The Women in Rental Stock team treated 20 senior citizens from Athlone to a day of pampering last Thursday, Friday June 15.
The women are part of the City’s Expanded Public Works Programme (EPWP).
The elderly enjoyed getting their hair done, facials, a make-up tutorial and they had their nails cut and buffed and their feet massaged.
The Pink Ladies organisation was also present to inform women about health issues such as breast cancer and pap smears.
Rushda Hassen, from the Women in Rental Stock, said the aim was to pamper all the elderly who did not get a chance to leave the house and treat themselves.
“We selected the elderly who we know need a break away from their normal day-to-day routines.
“We wanted them to get out for just a day and forget about all their problems and let us see to them,” she said.
Joyce Johnson, 58, from Bokmakierie, said she had enjoyed the day. “This makes me feel so relaxed, I don’t even want to go home, I want to stay here because I am enjoying myself,” she said.
Mariam Cox, 77, from Kewtown, said she had enjoyed the massage the most.
“I just want everyone to enjoy themselves because we don’t get this everyday,” she said.
Grace October said that it was important for the youth to take care of the elderly.
“I feel very happy today and feel privileged that someone is doing my hair and taking care of me today,” she said.
Ward 49 councillor Rashid Adams said the elderly often neglected themselves.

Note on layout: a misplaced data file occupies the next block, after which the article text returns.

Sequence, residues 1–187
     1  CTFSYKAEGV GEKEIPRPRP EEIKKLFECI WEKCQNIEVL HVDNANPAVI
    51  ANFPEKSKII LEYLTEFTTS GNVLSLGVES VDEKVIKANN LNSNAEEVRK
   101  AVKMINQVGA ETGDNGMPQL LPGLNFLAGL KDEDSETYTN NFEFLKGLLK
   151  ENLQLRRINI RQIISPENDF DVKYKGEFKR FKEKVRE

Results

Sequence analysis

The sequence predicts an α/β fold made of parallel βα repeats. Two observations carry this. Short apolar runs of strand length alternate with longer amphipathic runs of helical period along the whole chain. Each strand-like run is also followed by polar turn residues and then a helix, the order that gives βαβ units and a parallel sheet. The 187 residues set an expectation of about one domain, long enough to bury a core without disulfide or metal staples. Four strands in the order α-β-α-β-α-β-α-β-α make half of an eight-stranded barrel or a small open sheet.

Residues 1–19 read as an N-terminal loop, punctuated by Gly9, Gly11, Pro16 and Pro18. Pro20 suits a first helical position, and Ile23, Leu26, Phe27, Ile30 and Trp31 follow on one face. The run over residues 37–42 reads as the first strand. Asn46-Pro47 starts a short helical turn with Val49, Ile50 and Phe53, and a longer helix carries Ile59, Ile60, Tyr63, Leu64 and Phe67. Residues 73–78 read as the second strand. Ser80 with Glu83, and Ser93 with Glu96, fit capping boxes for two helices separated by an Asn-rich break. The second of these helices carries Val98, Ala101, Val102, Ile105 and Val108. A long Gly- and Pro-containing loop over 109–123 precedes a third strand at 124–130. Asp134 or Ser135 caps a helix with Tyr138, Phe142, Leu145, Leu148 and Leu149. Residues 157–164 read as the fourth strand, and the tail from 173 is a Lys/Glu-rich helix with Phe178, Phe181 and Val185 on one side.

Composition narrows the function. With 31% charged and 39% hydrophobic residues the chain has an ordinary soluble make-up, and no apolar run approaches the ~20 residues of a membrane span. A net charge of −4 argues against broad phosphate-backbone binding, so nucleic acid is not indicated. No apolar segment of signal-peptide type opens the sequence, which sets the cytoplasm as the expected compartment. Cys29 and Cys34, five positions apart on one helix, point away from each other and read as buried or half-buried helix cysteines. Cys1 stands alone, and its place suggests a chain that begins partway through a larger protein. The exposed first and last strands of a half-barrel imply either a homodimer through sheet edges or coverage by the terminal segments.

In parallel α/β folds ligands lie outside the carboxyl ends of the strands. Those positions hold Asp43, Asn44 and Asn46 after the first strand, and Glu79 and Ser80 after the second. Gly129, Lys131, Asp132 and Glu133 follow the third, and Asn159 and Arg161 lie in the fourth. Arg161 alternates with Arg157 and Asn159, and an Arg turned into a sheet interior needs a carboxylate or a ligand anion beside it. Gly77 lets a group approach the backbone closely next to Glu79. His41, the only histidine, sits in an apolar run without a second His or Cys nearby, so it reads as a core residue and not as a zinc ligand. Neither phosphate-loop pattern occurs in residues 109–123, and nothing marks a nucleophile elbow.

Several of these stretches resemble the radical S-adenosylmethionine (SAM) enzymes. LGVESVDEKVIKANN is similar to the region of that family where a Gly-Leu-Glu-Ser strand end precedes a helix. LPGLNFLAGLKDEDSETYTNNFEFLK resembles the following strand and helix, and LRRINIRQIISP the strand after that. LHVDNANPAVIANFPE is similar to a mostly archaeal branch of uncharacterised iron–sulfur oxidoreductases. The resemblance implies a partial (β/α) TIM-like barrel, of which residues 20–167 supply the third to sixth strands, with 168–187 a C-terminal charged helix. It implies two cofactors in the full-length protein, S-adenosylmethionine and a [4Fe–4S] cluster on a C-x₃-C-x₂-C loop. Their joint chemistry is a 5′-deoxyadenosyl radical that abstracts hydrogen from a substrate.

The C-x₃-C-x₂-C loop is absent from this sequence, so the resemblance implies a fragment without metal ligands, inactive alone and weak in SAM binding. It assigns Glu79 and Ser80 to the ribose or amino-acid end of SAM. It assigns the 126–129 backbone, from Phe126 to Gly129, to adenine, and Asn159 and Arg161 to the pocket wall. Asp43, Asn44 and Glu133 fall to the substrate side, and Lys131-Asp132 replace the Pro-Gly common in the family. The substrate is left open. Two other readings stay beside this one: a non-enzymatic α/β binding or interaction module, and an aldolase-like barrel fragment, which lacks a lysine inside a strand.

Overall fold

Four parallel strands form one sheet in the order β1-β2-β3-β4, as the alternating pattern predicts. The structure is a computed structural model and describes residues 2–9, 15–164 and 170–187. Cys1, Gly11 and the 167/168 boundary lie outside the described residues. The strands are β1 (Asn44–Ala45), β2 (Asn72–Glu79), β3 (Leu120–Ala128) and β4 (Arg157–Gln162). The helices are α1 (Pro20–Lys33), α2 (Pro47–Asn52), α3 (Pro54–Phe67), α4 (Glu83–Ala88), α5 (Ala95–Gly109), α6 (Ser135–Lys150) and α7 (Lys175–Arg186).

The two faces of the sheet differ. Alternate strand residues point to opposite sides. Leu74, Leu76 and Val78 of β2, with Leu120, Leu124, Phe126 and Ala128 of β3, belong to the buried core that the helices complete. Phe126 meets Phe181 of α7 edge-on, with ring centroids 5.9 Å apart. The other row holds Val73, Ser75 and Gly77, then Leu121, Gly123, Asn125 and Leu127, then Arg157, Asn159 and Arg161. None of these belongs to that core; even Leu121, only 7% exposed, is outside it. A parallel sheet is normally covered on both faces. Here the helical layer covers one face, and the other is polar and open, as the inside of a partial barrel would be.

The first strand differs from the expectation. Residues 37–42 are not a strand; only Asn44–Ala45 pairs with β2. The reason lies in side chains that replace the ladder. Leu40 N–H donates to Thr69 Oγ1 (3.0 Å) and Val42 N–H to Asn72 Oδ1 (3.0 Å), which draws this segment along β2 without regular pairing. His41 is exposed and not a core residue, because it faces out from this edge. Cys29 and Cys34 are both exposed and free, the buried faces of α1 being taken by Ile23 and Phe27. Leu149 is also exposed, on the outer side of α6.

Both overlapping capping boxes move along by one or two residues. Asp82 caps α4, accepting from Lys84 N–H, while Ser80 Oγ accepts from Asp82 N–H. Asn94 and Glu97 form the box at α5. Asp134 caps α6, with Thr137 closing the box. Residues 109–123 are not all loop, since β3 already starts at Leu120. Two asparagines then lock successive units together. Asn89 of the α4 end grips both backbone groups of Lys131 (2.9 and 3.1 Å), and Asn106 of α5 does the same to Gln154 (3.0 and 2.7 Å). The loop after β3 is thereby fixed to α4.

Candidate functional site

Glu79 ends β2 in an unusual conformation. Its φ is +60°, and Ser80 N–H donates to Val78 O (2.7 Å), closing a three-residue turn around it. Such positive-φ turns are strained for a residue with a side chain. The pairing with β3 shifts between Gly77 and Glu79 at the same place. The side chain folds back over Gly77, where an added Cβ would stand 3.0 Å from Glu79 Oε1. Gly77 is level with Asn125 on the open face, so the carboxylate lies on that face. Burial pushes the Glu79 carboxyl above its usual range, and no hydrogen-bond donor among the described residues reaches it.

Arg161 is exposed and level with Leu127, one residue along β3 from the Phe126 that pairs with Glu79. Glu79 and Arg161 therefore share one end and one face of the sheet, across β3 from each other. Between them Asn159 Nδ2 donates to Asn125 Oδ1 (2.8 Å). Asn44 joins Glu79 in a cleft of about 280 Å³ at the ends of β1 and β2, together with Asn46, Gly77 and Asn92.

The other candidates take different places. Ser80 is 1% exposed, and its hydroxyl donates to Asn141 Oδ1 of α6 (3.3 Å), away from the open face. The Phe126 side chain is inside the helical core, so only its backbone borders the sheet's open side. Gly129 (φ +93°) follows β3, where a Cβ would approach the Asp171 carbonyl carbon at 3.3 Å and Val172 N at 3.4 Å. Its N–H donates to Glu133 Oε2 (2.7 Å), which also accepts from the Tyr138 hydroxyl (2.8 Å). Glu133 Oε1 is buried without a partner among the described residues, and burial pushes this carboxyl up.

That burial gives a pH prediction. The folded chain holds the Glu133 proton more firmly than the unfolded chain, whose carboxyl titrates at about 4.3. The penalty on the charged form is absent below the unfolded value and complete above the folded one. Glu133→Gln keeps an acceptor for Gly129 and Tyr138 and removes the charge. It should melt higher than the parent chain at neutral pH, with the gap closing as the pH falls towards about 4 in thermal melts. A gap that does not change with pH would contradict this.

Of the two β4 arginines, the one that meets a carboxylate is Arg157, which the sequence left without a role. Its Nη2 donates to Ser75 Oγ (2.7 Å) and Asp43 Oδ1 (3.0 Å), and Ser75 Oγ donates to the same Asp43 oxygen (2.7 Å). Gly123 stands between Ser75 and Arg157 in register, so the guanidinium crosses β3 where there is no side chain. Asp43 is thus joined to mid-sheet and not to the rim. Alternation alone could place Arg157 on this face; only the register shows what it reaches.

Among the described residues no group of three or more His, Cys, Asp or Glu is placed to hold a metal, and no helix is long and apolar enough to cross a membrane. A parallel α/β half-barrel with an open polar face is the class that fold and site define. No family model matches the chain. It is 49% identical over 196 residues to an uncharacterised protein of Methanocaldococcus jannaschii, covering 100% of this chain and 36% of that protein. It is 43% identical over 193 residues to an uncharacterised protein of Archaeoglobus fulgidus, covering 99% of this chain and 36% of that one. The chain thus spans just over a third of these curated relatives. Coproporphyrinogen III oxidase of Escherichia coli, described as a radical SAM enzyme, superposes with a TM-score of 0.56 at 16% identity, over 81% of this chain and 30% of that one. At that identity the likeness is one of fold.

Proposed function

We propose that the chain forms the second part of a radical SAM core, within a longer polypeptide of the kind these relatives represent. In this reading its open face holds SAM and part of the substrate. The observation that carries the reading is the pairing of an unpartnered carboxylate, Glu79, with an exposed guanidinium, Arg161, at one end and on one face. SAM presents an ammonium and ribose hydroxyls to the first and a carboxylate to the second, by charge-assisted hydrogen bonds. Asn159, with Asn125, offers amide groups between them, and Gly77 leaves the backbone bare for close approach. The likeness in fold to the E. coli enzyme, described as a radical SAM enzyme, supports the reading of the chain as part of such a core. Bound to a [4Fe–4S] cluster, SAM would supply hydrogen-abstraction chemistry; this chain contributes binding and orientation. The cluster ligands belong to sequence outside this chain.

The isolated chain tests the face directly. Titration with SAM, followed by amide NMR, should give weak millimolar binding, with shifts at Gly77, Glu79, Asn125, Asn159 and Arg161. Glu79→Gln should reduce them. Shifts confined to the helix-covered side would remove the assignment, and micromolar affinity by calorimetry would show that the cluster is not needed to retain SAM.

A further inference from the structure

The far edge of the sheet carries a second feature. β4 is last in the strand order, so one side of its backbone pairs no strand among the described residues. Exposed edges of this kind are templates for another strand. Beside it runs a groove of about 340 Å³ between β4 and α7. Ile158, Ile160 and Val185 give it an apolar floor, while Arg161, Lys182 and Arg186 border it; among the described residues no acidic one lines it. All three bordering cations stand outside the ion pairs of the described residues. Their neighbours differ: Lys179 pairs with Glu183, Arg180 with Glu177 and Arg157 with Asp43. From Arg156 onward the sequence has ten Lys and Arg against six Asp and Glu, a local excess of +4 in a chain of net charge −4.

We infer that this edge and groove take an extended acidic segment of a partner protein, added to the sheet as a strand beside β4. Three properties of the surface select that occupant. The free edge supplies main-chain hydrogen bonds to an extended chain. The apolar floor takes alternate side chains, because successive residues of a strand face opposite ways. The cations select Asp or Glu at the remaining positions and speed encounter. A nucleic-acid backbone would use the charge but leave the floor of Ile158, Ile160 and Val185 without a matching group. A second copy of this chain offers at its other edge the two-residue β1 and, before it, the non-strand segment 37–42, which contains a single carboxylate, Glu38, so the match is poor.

He said many people could not afford to look after themselves and some dhad no one to look out for their well being.
“It is very important to look after your health, especially when you get older, as you become vulnerable to so many things because your body becomes weaker.”
He said the programme to help senior citizens would continue.
“These women have the drive to do a lot more than they are currently busy with, so they would love to assist. We’ve started an initiative where all the senior groups in the area are listed with us so that we know who we have in our area.”
Mr Adams said the elderly had a wealth of knowledge but there was nothing for them to do.
“We want to transfer that into something more positive and allow them to become more active in our communities. There is huge disrespect between our youth and our seniors because of the huge gap between them, and we have to bridge that gap by bringing them closer to each other.
“All of us will get there one day, so let us prepare the youth for that. The fine line in community development is cooperation, and that’s how we develop communities when there is an understanding and commonality in our community.”